The Boston Globe from Boston, Massachusetts on February 10, 1985 · 349
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The Boston Globe from Boston, Massachusetts · 349

Boston, Massachusetts
Issue Date:
Sunday, February 10, 1985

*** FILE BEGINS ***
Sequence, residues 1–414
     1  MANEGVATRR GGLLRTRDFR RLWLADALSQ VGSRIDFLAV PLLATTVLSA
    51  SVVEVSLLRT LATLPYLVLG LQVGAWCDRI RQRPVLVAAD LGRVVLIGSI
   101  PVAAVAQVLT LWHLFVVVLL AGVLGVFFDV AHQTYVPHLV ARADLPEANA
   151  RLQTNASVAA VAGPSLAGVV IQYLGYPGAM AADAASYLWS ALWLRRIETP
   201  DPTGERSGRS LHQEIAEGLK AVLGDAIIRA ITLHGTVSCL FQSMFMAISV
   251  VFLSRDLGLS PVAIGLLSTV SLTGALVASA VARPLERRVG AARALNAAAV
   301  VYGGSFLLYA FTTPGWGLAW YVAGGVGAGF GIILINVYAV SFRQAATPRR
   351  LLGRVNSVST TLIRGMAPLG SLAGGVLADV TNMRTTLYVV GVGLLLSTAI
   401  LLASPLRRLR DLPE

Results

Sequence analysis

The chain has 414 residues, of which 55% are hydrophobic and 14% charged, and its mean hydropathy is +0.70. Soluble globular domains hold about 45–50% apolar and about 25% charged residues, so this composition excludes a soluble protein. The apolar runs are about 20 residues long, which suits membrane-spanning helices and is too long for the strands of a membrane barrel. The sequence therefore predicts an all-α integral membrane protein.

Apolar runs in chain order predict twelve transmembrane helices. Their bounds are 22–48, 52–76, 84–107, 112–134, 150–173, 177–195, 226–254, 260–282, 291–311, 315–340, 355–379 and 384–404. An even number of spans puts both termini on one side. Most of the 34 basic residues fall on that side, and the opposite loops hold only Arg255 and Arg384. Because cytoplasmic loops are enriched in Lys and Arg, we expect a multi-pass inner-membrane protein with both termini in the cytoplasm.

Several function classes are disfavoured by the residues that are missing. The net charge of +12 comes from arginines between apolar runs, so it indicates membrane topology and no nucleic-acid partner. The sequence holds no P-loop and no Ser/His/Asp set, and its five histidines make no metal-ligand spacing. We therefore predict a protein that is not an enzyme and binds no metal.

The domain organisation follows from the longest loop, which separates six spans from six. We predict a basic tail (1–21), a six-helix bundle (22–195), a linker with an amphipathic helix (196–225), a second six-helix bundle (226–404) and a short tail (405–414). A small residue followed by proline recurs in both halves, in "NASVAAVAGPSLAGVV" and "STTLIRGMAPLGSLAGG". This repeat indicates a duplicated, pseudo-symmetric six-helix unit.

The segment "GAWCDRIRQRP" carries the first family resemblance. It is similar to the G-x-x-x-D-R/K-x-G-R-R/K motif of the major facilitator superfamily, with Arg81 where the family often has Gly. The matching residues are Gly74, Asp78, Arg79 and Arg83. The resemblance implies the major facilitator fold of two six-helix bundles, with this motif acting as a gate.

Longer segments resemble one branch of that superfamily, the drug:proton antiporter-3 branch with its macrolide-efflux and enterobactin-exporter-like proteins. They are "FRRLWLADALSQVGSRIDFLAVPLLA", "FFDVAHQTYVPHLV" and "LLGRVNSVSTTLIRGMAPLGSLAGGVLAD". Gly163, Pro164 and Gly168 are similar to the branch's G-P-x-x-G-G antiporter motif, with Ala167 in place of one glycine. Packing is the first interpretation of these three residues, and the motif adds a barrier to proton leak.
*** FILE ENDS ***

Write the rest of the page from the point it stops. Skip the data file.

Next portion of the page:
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TWENTY-ONE By D. C. Denison Vince McMahon CONTENTS February 10, 1985 Wince McMahon, the most successful wrestling promoter in the United States, is the man responsible for bringing Hulk Hogan, Captain Lou Albano, and other grapplers into living rooms all over the country, via syndicated and cable television programs. His World Wrestling Federation also books at least one wrestling event a month at Boston Garden. We spoke in McMa-hon's office in Greenwich, Connecticut. 1 . Who gets the strongest negative reaction from the fans, the Iron Sheik, who is Iranian, or Nikolai Vol-koff, the Russian? It depends. If the Iron Sheik is wrestling a preliminary match, it's almost a foregone conclusion that the Iron Sheik is going to win. So there's obviously less reaction to him than if he was going to meet Hulk Hogan or Superfly Snuka. Steve Taylor, Titan Sports. Inc. Ul W 7 Yf 2. How did you get in volved with wrestling? It actually goes back to my grandfather, who was promot- mmm m ing boxing in the old Madison Square Garden in New York. Boxing was very popular, but my grandfather saw more entertainment value in wrestling and began to spend about half of his time on wrestling. Then my father became involved, and the pendulum swung a little bit more in the direction of wrestling. Now we don't do any boxing at all. 3. Did you always know that you'd go into the wrestling business? I always wanted it. But my dad wanted me to do something else. Any form of sports entertainment can be risky, and he wanted something better for me. But as a matter of fact, at one time I wanted to be a wrestler. 4. How did he feel about that? He was adamantly opposed to it. It was something along the lines of, "Over my dead body." But I really wanted to participate in some fashion, and during the summers I began putting up wrestling rings, taking tickets, and so on, and I just fell in love with it. 5. What do wrestling and rock V roll have in common? A number of factors, really. For one thing, if you go to a rock 'n' roll concert or a wrestling match, like it or not, you will not D. C. DENISON IS A BOSTON-BASED WRITER. EACH WEEK HE POSES 21 QUESTIONS TO A NOTABLE PERSON. "There have definitely been some melees in the locker room that have been better than the matches out in the arena." in the sports entertainment field. It's important not to try to determine what wrestling is not. It doesn't fall into one particular category. It's not in the category of sport, in the strictest sense of the word. And it's not entertainment, in the strictest sense of the word. Its demographics are broad-based Americana. There are as many different reasons why people go to a wrestling event as there are people in attendance. 9. How do you get the tal- fent? t We're the only national or for that matter, international producers. There are a lot of local and regional promoters, in the South and the Midwest and in little pockets here and there, and they develop quite a bit of talent. Also, a lot of our people are foreigners, and so there's no shortage of wrestling talent. be bored. It's like a concert by the J. Geils Band. At one time I owned the Cape Cod Coliseum, and I really enjoyed some of the rock shows I saw there. 6. How long did you own the Coliseum? For five years. I sold it about a year ago. 7. What effect has pop singer Cyndi Lauper had on wrestling? I think she's had a positive effect. Among other things, she has rekindled an awareness for women's wrestling. The women's champion, Wendi Richter, whom she supports, is real tough, much like Cyndi. Cyndi is a tough little lady. She stands her ground. She may be somewhat diminutive in size, but in her heart she would be in the ring. She very much relates to everything that Wendi does in terms of wrestling, and she relates in general to the wrestling audience, which is somewhat similar to a rock audience. Our demographics are somewhat broader than the traditional MTV audience, but a good chunk of our audience, the 18-to-35 age group, is the same. 8. How do you respond to that eternal question about wrestling: Is it real or fake? Or is it Memorex? I really don't respond to that question. I think it was done to death in the '20s. But"! hasten to say that we're 10. How often are you approached by someone with a concept or a gim-mmmm mick that he thinks will be the next big wrestling sensation? Oh, many times. Under normal circumstances, when an athlete comes to us with a concept of what he would like to be, we don't give him the time of day. Because the first thing that a wrestler has to have is the ability to wrestle that innate sense of timing and charisma that far exceeds in importance any kind of concept or gimmick. If that's all they have, it just won't work. They will forever be in Oklahoma City. 1 1 . So what do you tell all these kids who want to be wrestlers? We say, "Don't," from a number of standpoints. It's one of the roughest existences in sports entertainment, rough in terms of the physical abuse that you take, and rough in terms of the constant travel. It's just a grind, and unless you're extraordinarily gifted, we would generally discourage you from attempting to enter wrestling. 12. How many shows do you have on television now? We have three shows on the USA network on cable. We have two events that are on WTBS, Ted Turner's superstation. Then we produce two different syndicated events, in addition to producing, for cable television, events for Madison Square Garden cable and Philadelphia Prism television. We've just entered into two other agreements in terms of Continued on page 23 Cover illustration by Patrick Blackwell Leigh Montville A touch of Evel 6 The Other Campus Massacre While the shootings at Kent State remain a tragic symbol, history has all but forgotten what happened in Orangeburg, South Carolina By Nicholas Bromell 8 Terms of Endearment Photographs By Jerry Berndt 10 Turns for the Worse In Boston traffic, the right-of-way goes to the wreck By Christina Robb 12 Food Warming up to winter salads By Sheryl Julian 58 Fashion Swimsuits that are a cut above the rest By Gail Banks 60 ; k Letters 4 Ask The Globe 14 Ask Beth 57 Getting Around 62 The Globe Puzzle 63 Editor Ande Zellman Design Director ronn campisi Editing Layout: David Cohen Copy: Cynthia Dockrell Louisa Williams Assistant Designer Jacqueline Berthet Staff Writers Peter Anderson Maria Karagianis Charles Kenney Christina Robb Tkt Boston Globe Magazine does not assume responsibility for unsolicited material. Trademark of Globe Newspaper Company. Copyright 1985 Globe Newspaper Company (formerly Nik England i.).